To the Provinces and Beyond
Fired with enthusiasm for the truth, the Freetown Congregation became “intensely occupied with the word.” (Acts 18:5) Alfred Joseph relates: “I often tied a carton of Bible books to my big Norton motorcycle. Then with Brother Thomas or Sylvester Grant riding pillion [as a passenger], we headed out into the rurals and small towns around Freetown to canvass, as we called it.”
Up until 1927, the publishers preached mostly in and around Freetown in an area called The Colony. But starting in 1928, every year before the rains set in, the congregation would rent a bus and travel to the provinces. Those who could not go helped to finance the trips, which were led by Melbourne Garber. The bus groups preached in towns and villages east to Kailahun and south to nearly the Liberia border. The first Sunday of each month, they returned to cultivate the interest found.
About that time, Brother Brown visited the West Indies and returned with a car, one of the first to enter Sierra Leone. The vehicle was equipped with a powerful sound system that was designed for public witnessing. Brother Brown would park the car in a public area and play stirring music to attract a crowd. He would then deliver a short talk or play a recorded lecture and invite the crowd to obtain Bible literature. The speaking car
Brother Brown next turned his attention to spiritually untouched territory
More than 500,000 Witnesses now serve Jehovah in West Africa
In 1950, when poor health forced Brother Brown to return to Jamaica, he left behind a remarkable legacy. Over 27 years, he and his wife had seen the number of Witnesses in West Africa grow from 2 to more than 11,000. They had literally witnessed the fulfillment of Isaiah’s prophecy: “The little one will become a thousand and the small one a mighty nation.” (Isa. 60:22) Today, just over 60 years later, “a mighty nation” of more than 500,000 Witnesses serve Jehovah in West Africa.
Steadfast Under Ban
When World War II cast its shadow over Africa, Jehovah’s people in Sierra Leone took their stand as Christian neutrals. (Mic. 4:3; John 18:36) The British authorities falsely branded them as subversive, so they monitored their activities and banned their literature. Customs officials in Freetown seized one literature shipment and burned it. Some brothers were arrested for possessing banned literature but were soon released. *
Despite the ban, the Witnesses kept on preaching. Pauline Cole explained: “A brother who was a steward on a ship that visited regularly continued to supply us with copies of The Watchtower. From these we typed up extra copies for the meetings. We also printed leaflets on Bible topics and distributed them to the public. And the brothers continued to give public discourses and to play recordings of Brother Rutherford’s radio lectures, especially in the outer villages.”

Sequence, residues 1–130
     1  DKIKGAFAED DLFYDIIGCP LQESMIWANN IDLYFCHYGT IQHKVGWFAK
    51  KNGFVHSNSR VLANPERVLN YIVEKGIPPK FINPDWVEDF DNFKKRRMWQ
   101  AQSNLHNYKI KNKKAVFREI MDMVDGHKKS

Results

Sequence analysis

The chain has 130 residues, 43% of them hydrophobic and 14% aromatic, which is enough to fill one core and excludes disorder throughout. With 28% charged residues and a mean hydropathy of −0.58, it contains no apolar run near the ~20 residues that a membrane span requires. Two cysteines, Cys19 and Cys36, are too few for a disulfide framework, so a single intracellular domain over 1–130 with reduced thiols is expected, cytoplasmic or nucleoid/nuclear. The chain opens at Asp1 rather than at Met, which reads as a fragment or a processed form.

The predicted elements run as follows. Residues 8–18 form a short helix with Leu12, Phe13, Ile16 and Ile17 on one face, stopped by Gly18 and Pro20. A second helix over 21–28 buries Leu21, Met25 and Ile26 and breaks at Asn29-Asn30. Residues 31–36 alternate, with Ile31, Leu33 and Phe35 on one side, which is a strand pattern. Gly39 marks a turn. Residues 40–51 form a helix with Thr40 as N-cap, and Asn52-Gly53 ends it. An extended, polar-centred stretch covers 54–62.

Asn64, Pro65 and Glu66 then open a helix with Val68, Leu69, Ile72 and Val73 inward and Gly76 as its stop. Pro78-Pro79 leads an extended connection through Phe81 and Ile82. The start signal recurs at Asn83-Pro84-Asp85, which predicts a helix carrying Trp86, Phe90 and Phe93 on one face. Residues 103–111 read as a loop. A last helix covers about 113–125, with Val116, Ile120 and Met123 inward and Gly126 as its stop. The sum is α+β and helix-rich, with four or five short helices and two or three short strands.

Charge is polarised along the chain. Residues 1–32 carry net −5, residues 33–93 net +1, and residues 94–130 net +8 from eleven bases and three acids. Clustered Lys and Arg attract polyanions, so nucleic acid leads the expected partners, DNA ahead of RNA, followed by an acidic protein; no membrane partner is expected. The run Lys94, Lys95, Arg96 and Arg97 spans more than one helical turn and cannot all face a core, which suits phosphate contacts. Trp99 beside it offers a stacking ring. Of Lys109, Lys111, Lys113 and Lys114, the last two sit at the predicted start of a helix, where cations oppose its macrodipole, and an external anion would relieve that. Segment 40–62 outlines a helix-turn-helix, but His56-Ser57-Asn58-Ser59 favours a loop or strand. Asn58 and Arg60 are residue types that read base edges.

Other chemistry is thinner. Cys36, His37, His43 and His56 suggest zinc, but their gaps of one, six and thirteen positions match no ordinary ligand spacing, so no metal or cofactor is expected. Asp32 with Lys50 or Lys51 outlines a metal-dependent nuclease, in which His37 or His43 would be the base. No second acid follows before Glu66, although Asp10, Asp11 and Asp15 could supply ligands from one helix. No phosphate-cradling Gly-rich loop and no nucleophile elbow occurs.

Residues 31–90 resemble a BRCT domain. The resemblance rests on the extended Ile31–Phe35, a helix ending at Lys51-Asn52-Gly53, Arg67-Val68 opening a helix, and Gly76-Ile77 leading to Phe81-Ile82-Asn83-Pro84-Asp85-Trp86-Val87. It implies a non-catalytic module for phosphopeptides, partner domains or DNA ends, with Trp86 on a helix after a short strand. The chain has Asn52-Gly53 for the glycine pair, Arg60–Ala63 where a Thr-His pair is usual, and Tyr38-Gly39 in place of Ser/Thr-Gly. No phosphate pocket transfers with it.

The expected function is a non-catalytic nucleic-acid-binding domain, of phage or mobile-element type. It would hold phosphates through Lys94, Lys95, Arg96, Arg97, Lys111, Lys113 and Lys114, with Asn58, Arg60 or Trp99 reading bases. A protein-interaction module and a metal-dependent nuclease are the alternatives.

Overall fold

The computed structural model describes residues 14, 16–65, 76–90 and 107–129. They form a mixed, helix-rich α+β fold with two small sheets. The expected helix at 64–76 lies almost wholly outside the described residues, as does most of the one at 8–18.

Those efforts, while modest, clearly had Jehovah’s blessing. James Jarrett, a long-time elder and special pioneer, recalls: “During the war, I was working as a stonecutter when an elderly sister gave me the booklet Refugees. Since many refugees were landing in Freetown, its title intrigued me. I read the booklet that night and immediately recognized the truth. The next morning, I tracked the sister down and obtained copies for my three brothers. All four of us accepted the truth.”
When the war ended in 1945, the Freetown Congregation had 32 publishers. The publishers had kept their integrity and remained spiritually active. They were ready and eager to move ahead.
Public Meeting Campaign
On August 29, 1945, at the weekly Service Meeting, the Freetown Congregation discussed a new campaign announced in the December 1944 Informant (now called Our Kingdom Ministry). Each congregation was to advertise and hold a series of four public meetings in “every city, town, and hamlet” in its territory. Each meeting would feature a one-hour talk by a brother (aged 18 or older) who had done well in the Theocratic Ministry School. After the four meetings, the brothers would arrange Bible study groups to assist interested people in each area.
How did the publishers react to this new direction? The minutes of the Freetown Congregation’s Service Meeting record the following comments:
Chairman: “How do you think we could go about this new campaign?”
Brother One: “We should not expect the same success as in America. People here are different.”
Brother Two: “I agree.”
Brother Three: “Why not give it a try?”
Brother Four: “But there will be difficulties.”
Brother Five: “Yet, we must follow the direction given by Jehovah’s organization.”
Brother Six: “But the odds in this country are against us.”
Sister One: “Nevertheless, the Informant’s direction is clear. Let’s try it!”
So they did. From the coast of Freetown to Bo in the southeast to Kabala on the northern plateau, the brothers held meetings in schoolrooms, marketplaces, and private homes. This activity energized the congregation, and “the word of Jehovah went on growing and spreading.”
Still, the publishers needed theocratic training. And that is what Jehovah provided.
^ par. 10 The ban was lifted in 1948.